What's in a name? To some, everything

Individualism: Michaels and Sarahs lead, but Devons, and Natashas are gaining as parents try to give children a boost at birth.

April 01, 2001|By Katrice Franklin | Katrice Franklin,KNIGHT RIDDER/TRIBUNE

VIRGINIA BEACH, Va. - Zakhyia is her name.

She liked it so much, she picked Zakhi for her 6-week-old son and Eneizah for her 2-year-old daughter.

With names like those, the McCray family knows they stand out-at day care, at work, in the grocery store.

But that's the point.

"In high school, they used to call me Zuzuki to make fun of my name," said the 20-year-old McCray. "But I always told them, `You're just mad because your name is Tom, and it's the same name as six other people.' I always felt my name made me special."

Names like Dequan, Javon and Ayanna are finding their way to popular name books, Web sites and lists of frequently used names.

Name experts say giving children unusual names dates back to Africa. Blacks historically view naming as a way to express their heritage.

Its popularity has risen as the children of blacks who fought in the civil rights movement have babies.

A study by a Hampton University English professor of the school's graduating class of 2002 shows one in five incoming freshman have creative names, like Takea, Ashema and Rhan (pronounced Ron).

Once considered taboo, unusual names-such as LaTreece-have become cool and are being used by whites and other ethnic groups, according to Edward Callary, past president of the American Name Society.

Sense of individualism

Parents say a unique name instills a sense of individualism in a child. If they name their children something inventive or after someone with favorable qualities, that name will somehow influence fate.

The belief also influences spelling, transforming a common name like Christopher into Kristopher. Or Andrew into Andruw.

Such individualism is evident on the roster of babies and toddlers at Discovery Care Center in Norfolk, where there's a Raeanna, Khalid, Naiya and Tahj.

Before 2-year-old Tahj was born, his parents Latisha and Alejandro, were looking for a name "other than Mike. That just wouldn't have worked," said Latisha Capehart.

While pregnant, she watched a television show about an intelligent and creative black boy named Taj. With a little twist in the spelling, Tahj was born.

She hoped her Tahj would adopt the television Taj's traits.

She thinks the name is already working.

"Tahj loves music and loves to dance," said Capehart, who also works at Discovery child care. "He's very popular here."

About five years ago, Hampton University English professor Margaret Lee began noticing more unusual names on her class roster.

She conducted a study of the incoming freshman class at the historically private, black university. Of 545 names, 87 women had what she classified as African-sounding names.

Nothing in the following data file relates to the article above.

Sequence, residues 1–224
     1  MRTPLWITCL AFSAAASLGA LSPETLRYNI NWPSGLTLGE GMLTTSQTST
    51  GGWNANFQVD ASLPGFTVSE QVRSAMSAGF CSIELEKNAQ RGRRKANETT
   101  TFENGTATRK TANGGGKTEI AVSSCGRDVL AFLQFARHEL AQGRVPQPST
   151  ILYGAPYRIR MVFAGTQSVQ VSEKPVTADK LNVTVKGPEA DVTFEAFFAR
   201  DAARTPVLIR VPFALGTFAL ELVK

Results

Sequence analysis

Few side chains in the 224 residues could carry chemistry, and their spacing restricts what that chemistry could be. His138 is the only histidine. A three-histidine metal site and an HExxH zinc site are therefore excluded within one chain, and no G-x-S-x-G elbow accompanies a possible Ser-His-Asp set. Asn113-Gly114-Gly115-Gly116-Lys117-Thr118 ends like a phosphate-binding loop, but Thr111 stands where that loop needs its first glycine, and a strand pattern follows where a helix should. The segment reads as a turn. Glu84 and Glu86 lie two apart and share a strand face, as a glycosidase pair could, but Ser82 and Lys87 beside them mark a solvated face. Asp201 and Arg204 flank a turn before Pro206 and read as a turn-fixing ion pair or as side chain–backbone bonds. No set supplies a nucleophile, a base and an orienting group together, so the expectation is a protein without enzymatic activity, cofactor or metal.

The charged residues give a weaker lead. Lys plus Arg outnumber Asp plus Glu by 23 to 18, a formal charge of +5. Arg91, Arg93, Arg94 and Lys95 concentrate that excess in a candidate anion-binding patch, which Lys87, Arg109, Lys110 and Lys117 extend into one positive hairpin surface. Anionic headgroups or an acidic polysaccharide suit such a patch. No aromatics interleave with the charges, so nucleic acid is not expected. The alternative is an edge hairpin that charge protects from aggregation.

Nagela, Chifaun, Amonie, Nneka and Jacinta were examples.

About 22 males, including Pleas, Kamari and Uleyz, had names with similar characteristics.

Lee said she combed history books and the Internet for reasons why unusual names were once again so popular.

Most of her research traced the practice back to Africa, where it is believed that a child's name affects their future.

Lee asked the students how they felt about their names.

"Ten to 15 years ago, students with different names would always say they didn't like them," Lee said. "But these students said they liked their names because they were unique."

They also told Lee that their names were combinations of family members' names.

An example of the philosophy being adopted by other cultures can be seen in Virginia Beach, where Honduras natives Isela and Mario Figueroa blended their names and chose Marisela for their 3-year-old daughter.

Lee said the sense of pride is influenced by a renewed interest in black culture. Several years ago, there was talk about Ebonics, an African-American vernacular.

"All of a sudden, you see some of that spilling over into mainstream society. Talk shows now feature white girls with names like Keisha, once a quintessential African-American name for girls."

Sure, the Michaels, Jacobs and Sarahs are still at the top of the most popular names in Virginia and across the country. But further down, past the top 10, quite a few Devons, Dejas and Natashas are being born.

Right now, it's hip to be different, as evidenced by a rise in body piercing and tattooing, said Callary of the American Name Society, an organization that's studied names for about half a century.

Elaborate names have always been more popular among Southerners and used more often for girls.

"Boys are more likely to be teased for their names than girls," said Jennifer Moss, creator of BabyNames.com, a Web site that helps parents choose names for their newborns.

"African-Americans also use a lot of prefixes like le and la, which comes from a strong French influence from those with a Louisiana origin. But it's all become more assimilated in the past 10 years."

Nudge from technology

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